With that in mind, a vehicle that scores 5/5 in the latest iteration of ANCAP/ENCAP safety ratings will get seven points out of ten, by default. A vehicle that scores 4/5 in the current iteration of safety ratings will get six point, 3/5 is five points, and so forth.
This allows us three points to hand out for safety. Cars that have not been tested will get the default rating of a three-star car. This means that the maximum an untested car – such as a 911 – can score in safety is 8/10.
The three points that we can use to rate safety, measure active and passive safety features against the segment. We have decided to include all available options for active safety as part of the score, but penalise manufacturers that choose to offer them as options in the value for money category (below) rather than here.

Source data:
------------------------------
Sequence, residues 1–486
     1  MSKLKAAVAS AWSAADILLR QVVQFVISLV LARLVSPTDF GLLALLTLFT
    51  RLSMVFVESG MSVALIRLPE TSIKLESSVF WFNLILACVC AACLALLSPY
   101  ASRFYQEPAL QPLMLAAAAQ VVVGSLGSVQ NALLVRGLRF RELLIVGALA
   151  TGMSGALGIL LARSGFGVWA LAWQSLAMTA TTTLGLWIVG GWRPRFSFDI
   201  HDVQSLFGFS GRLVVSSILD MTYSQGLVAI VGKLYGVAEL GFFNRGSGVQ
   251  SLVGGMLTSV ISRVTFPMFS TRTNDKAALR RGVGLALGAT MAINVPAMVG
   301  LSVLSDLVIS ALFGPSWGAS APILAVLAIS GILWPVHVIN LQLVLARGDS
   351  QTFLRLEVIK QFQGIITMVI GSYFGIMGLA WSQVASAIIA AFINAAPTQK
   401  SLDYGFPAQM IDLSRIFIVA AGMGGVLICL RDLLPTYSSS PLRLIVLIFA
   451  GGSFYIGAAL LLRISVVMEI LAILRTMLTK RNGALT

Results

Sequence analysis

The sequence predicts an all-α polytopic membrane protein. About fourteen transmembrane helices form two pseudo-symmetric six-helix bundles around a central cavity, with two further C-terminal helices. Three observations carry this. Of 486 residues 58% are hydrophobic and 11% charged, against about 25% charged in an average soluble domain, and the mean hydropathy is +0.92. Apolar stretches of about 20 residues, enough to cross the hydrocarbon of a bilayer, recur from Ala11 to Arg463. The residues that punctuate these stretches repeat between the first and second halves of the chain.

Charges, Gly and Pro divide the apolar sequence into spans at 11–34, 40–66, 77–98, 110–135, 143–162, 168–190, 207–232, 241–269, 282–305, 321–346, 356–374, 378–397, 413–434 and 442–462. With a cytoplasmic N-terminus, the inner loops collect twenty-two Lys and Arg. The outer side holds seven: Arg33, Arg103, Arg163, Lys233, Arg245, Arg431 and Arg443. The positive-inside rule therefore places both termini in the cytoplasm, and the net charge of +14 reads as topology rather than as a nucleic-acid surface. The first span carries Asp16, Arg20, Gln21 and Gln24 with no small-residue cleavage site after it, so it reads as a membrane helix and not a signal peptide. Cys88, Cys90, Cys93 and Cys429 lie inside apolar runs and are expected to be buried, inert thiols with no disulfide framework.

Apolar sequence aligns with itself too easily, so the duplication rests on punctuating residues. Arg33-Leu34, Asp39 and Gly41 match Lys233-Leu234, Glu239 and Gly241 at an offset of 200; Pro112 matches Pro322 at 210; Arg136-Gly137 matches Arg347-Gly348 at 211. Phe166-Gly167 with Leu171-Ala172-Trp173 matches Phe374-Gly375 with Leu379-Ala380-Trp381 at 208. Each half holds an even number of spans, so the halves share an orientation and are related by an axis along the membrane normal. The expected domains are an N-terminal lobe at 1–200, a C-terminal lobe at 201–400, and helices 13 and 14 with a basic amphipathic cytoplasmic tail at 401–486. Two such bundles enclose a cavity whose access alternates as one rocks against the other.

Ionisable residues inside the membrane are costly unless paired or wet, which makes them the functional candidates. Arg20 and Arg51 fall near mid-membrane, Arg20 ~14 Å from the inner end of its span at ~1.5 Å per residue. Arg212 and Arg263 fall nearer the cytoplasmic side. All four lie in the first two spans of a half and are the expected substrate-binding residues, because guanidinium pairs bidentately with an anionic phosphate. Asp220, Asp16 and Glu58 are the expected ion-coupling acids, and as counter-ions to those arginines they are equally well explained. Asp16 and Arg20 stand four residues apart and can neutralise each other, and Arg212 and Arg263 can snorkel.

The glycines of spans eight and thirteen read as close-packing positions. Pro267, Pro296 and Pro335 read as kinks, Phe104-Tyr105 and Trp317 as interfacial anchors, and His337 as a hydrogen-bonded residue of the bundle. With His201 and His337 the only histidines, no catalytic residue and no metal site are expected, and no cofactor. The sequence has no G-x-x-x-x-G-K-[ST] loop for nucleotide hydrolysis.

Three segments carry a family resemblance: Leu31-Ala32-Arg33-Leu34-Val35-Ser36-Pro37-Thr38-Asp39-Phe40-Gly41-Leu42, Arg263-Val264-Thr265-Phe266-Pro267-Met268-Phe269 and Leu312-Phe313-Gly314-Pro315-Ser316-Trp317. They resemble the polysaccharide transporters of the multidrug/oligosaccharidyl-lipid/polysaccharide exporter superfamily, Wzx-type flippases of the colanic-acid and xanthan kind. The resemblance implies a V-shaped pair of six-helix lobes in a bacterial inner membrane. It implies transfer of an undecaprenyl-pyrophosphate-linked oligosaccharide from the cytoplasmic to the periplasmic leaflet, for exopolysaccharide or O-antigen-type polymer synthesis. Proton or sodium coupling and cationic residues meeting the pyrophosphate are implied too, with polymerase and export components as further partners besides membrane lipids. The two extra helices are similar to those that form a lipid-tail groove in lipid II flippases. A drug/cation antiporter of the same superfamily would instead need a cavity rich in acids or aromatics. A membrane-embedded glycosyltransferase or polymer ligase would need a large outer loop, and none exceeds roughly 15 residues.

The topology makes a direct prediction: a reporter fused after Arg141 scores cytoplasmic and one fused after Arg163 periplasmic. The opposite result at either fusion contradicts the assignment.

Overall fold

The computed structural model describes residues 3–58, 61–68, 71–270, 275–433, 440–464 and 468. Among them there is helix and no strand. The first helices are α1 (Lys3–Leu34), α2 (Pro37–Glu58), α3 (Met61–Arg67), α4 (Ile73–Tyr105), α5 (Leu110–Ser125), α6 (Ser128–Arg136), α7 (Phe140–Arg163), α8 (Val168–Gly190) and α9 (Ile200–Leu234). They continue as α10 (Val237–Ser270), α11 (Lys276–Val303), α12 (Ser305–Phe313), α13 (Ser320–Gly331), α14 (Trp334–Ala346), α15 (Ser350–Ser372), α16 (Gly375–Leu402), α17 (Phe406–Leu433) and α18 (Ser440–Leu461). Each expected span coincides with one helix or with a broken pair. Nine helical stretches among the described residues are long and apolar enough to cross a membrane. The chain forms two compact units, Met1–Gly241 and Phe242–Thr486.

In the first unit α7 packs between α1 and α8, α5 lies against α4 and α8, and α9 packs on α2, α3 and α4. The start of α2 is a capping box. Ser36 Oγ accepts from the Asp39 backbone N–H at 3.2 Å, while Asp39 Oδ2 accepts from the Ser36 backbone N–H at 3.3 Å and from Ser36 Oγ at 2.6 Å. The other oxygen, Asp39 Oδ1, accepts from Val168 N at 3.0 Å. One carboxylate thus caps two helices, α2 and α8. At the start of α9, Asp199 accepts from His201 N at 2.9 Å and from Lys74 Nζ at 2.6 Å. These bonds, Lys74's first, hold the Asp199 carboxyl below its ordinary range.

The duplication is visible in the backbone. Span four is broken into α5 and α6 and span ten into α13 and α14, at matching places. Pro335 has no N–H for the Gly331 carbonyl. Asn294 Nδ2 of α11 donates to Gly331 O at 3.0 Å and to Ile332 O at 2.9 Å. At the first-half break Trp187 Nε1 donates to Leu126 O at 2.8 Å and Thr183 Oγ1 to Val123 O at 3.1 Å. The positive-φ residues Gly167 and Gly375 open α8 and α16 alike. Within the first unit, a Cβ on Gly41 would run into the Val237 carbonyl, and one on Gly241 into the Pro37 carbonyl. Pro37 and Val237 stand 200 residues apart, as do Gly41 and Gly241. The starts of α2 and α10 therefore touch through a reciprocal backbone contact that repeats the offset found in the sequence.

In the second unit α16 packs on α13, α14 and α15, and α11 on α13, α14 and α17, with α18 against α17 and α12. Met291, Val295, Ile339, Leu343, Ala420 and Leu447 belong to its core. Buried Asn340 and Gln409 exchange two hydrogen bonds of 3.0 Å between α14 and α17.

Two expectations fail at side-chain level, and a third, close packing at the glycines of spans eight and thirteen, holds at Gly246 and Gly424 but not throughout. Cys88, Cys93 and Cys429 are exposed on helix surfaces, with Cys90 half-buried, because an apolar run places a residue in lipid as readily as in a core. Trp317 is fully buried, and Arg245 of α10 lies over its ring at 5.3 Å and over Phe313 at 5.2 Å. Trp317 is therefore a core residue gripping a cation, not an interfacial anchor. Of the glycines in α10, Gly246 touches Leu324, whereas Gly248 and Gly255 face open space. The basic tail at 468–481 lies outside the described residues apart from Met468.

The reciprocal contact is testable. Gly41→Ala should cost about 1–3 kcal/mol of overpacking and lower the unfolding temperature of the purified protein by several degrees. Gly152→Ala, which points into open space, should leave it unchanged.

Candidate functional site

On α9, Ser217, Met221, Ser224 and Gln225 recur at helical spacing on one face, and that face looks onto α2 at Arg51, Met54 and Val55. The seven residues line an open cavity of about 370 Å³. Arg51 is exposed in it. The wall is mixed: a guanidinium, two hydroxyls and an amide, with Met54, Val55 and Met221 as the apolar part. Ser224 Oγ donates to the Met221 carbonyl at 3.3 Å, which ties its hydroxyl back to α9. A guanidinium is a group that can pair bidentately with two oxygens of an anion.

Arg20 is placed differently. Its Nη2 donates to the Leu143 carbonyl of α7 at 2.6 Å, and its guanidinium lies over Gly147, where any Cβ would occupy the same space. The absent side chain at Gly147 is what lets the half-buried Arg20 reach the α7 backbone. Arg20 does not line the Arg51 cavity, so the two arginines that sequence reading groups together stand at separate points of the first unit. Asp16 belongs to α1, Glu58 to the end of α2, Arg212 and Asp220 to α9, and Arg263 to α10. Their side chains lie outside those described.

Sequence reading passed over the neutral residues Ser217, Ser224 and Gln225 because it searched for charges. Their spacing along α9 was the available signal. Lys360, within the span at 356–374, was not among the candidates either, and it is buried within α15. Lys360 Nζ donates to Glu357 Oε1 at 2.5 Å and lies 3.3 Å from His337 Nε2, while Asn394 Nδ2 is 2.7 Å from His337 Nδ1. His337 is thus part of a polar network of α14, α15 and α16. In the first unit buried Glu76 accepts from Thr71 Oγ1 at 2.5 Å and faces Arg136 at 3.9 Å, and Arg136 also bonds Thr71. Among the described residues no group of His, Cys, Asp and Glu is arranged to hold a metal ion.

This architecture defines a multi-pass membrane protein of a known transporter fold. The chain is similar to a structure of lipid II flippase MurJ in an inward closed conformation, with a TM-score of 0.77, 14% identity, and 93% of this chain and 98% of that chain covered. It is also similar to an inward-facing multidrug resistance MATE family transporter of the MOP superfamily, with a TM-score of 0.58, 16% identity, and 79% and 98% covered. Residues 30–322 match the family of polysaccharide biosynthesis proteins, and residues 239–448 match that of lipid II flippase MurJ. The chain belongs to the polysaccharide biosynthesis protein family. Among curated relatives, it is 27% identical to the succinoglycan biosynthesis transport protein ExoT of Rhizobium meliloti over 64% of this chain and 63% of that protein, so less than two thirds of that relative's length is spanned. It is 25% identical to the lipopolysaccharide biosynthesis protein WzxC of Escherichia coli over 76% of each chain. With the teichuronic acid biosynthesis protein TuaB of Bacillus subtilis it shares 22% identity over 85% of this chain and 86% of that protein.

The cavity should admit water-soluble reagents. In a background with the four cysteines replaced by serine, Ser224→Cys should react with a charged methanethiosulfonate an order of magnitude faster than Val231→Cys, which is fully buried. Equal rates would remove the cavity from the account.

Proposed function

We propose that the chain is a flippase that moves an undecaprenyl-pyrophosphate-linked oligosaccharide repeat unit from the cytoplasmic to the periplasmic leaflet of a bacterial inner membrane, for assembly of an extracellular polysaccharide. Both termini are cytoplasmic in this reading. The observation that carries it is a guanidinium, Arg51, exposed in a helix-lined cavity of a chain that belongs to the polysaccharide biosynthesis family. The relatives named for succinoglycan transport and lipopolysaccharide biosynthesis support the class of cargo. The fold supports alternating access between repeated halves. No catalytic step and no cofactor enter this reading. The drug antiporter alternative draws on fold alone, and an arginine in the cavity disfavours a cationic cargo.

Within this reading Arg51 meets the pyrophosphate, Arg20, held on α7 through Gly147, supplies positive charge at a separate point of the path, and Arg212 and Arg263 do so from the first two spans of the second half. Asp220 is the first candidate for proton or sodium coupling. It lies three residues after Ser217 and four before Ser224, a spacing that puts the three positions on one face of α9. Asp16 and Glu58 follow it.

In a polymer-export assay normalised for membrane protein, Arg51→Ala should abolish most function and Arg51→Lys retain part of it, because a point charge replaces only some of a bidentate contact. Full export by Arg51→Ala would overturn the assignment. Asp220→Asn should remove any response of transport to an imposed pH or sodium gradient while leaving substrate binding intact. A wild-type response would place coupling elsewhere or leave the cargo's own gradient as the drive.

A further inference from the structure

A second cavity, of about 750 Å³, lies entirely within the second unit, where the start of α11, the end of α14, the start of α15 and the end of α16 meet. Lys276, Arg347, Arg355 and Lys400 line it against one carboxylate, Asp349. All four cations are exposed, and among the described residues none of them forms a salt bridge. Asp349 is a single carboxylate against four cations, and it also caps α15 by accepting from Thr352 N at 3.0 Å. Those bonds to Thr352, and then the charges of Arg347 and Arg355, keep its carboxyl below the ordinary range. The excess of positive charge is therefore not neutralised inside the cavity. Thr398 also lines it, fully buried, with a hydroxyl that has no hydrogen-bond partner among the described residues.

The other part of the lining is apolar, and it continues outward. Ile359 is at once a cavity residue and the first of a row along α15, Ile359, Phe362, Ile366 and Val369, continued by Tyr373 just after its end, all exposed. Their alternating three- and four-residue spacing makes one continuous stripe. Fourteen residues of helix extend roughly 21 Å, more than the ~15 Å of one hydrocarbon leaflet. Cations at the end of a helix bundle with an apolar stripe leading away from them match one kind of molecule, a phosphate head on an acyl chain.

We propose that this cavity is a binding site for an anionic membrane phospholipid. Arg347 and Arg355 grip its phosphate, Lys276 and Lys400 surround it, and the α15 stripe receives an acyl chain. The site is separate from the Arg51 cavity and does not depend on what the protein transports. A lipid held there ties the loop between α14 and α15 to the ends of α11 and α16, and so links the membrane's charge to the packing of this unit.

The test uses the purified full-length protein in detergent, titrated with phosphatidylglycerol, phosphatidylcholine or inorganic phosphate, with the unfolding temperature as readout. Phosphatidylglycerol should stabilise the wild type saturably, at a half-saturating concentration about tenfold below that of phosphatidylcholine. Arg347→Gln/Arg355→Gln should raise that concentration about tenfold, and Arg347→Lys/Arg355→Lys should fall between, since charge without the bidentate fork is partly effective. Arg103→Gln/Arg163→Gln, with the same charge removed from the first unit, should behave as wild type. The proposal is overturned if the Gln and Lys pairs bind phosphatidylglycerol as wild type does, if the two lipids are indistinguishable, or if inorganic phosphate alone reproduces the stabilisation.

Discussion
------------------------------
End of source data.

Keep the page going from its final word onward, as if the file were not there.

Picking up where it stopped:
Why? Some buyer types may not necessarily want the standard-equipment list to include features like blind-spot monitoring, and some manufacturers have therefore decided to bundle them up separately for those that do.
It would be unfair to punish those manufacturers in the safety category for missing features that are indeed available for extra cost.
These features include rear and front cameras and sensors, lane-departure and blind-spot monitoring, rear cross-traffic alert and other forms of active safety that are there to stop you from doing something that may lead to an accident. We will also take into consideration cars that are missing curtain airbags in the second or third row.